Australia & Pacific gigs, Australian and Oceania based bands, Concerts - visiting Musicians, Review

Tiny Hearts ‘Alluvium’ Review

Tiny Hearts

Some acts appear to arrive out of no-where.  All of the rehearsing and scuffling hidden from the common gaze.  Others invite you in at ground level, letting you see the raw material as it evolves, letting you see the promise, beckoning from the future.  Letting you see the influences, the base metal.  For a pop act the former makes sense, for improvised music it makes no sense at all.  Improvised music should move at will, explore awkward corners and morph into new shapes as it feeds off the life around it.  Standing still is death.

Last time this band was in town the name ‘Tiny Hearts’ had not yet surfaced.  They were the ‘Dilworths’ then, but the music was just as beguiling.  One of the things that I quickly learned was the strength of the bands influences, powerful tributaries feeding a common cause.  I was momentarily tempted to view the group as a discrete entity, a single project, but now I’m not so sure.  The more that I learn about them, the more I see the individual strengths of the musicians, where they’ve come from and where they’re headed.  Each of them have excelled in former projects but there is more.  Together they exude an organic quality, growing, evolving in unison.  Expressing the moment.  IMG_2404 - Version 2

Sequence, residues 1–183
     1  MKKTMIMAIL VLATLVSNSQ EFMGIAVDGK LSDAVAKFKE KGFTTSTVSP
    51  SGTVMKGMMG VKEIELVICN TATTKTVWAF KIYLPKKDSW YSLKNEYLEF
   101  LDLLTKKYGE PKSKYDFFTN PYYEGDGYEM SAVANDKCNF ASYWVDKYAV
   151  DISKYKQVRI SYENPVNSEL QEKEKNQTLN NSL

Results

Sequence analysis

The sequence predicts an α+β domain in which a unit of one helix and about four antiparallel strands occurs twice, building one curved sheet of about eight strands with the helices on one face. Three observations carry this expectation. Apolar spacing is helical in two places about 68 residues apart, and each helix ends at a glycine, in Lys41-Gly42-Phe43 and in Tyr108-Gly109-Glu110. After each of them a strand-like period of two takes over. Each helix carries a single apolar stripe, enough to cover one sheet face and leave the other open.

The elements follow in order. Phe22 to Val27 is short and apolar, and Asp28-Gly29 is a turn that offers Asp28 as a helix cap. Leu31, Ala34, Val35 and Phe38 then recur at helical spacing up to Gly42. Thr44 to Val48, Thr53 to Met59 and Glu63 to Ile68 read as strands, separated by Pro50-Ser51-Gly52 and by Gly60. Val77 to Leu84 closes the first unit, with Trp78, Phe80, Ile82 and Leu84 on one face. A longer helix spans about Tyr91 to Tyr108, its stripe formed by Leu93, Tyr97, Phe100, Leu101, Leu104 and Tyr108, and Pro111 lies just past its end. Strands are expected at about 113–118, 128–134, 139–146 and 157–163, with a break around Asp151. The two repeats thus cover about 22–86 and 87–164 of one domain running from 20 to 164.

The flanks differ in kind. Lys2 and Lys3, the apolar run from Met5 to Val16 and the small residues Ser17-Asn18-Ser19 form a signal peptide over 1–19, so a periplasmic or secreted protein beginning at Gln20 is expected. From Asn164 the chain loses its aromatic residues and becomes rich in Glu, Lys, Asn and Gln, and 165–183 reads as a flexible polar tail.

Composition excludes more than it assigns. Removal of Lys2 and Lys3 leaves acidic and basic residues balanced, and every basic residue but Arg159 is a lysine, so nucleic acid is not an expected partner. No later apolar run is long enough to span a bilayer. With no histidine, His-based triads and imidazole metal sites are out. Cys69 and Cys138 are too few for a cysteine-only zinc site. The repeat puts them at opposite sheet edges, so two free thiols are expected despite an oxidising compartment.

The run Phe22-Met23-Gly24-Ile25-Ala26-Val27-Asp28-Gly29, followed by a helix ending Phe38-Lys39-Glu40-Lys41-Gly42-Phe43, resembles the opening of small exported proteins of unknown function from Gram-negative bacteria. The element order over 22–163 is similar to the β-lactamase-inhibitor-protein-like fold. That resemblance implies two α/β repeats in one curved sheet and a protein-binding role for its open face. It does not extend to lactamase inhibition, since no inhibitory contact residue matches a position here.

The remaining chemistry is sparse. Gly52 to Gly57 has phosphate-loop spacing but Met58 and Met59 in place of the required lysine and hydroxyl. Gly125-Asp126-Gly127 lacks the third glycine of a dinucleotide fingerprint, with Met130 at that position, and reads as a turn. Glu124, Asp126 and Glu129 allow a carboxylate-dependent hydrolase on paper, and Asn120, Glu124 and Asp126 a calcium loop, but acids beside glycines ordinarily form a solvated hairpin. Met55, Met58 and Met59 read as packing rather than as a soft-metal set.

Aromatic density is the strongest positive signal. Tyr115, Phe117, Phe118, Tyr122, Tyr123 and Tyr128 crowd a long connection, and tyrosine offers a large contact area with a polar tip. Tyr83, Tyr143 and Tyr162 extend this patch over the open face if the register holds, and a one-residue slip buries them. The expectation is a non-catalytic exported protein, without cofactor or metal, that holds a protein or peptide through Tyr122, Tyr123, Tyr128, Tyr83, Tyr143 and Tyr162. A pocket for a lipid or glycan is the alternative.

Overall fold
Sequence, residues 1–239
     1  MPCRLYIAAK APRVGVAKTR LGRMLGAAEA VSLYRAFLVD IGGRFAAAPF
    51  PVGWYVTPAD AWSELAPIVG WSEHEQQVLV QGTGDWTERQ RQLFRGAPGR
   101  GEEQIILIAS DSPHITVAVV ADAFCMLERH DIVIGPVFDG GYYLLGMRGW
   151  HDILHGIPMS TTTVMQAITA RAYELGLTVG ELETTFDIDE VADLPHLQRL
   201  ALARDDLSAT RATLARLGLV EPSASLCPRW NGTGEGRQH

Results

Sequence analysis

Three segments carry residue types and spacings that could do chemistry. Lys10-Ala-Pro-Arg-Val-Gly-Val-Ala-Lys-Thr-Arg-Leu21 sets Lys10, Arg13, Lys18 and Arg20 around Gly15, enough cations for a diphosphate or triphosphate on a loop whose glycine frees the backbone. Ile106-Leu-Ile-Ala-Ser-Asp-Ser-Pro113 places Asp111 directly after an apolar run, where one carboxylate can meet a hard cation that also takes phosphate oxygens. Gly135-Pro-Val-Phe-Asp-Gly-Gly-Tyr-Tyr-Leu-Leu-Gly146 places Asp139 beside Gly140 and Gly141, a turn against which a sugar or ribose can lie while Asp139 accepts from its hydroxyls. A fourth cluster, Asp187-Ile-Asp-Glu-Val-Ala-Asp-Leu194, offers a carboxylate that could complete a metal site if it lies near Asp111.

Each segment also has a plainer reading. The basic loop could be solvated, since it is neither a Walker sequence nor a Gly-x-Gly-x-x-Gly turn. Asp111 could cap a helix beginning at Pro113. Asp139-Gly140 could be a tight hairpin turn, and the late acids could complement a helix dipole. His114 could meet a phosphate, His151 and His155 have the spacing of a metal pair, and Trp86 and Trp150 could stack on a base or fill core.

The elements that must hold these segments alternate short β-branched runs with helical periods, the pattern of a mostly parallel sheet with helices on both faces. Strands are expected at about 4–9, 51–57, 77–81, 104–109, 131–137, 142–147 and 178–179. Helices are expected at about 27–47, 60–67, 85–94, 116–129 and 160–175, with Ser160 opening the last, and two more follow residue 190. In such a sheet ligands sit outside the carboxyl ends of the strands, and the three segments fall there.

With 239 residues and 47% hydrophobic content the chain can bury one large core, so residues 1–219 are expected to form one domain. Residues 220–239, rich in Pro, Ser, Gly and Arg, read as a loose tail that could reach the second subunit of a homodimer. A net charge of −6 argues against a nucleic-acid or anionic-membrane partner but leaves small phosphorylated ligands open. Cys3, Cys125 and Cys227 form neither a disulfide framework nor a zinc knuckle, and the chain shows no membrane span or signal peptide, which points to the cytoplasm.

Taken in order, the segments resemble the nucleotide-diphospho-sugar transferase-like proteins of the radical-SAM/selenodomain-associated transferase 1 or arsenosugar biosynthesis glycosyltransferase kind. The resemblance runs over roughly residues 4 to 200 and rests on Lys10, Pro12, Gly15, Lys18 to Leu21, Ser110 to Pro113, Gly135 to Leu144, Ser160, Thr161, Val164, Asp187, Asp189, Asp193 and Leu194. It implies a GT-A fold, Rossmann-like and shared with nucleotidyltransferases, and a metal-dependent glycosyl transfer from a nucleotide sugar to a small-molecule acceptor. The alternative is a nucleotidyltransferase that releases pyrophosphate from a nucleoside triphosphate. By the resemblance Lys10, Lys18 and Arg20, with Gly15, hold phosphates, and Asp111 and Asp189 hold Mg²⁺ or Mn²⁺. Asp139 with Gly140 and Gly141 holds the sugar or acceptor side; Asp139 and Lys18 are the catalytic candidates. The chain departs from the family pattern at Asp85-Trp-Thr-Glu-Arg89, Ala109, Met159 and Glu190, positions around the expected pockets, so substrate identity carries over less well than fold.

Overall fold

I was familiar with a few of the tunes, the ones played during the ‘Dilworths’ tour.   I had also kept in touch with the musicians and seen clips as they developed their program along the way.  These are great compositions, but the performances lift them to another level.  All of the pieces have the individual musicians stamp imprinted on them.  This is in keeping with the ‘Tiny Hearts’ ethos.  A Steve Barry tune is unmistakably his, A Dilworth or Jackson tune likewise.  While most of the tunes were written with ‘Tiny Hearts’ in mind, they often referenced earlier projects or perhaps give a nod to future offshoots.   The ink was hardly dry on Tom Botting’s atmospheric Balclutha chart when he visited with the ‘Dilworths’ last time.  ‘Big Sea Reprise’ takes up the baton from Paul Derricott’s amazing Big Sea (Arrow) album.   I loved that album and asked Derricott about it when I caught their act last week.  He told me that he had liked the album as first, but then developed some doubts.  It lay fallow for a few years, then Paul revived it.  He is now pleased with it.   IMG_2370 - Version 2

Dilworth is the fronts person for the group, his friendliness and confidence making him and obvious choice.  Musically, all speak equally.  The composition of the band is part Australian and part Kiwi if you count their countries of origin.  In reality they’re best described as Australians.  Musicians like Barry and Botting could never be confined to our small Islands.  Dilworth, Derricott and Jackson are Sydney musicians with solid reputations.  If you are growing curious then here is my challenge.  Purchase a copy of ‘Alluvium’.  If you already possess it then order copies of: ‘Big Sea’ by Derricott, ‘Steve Barry’ the eponymous titled award-winning album by Barry, ‘Caravana Sun’ by Dilworth,  ‘Cosmontology’ by Jackson.   I have just ordered the latter to complete my set.   I also spoke to the band about future projects and there are plenty in store.  A Paul Derricott, a Steve Barry and a Dave Jackson album are in the wind.    IMG_2373 - Version 2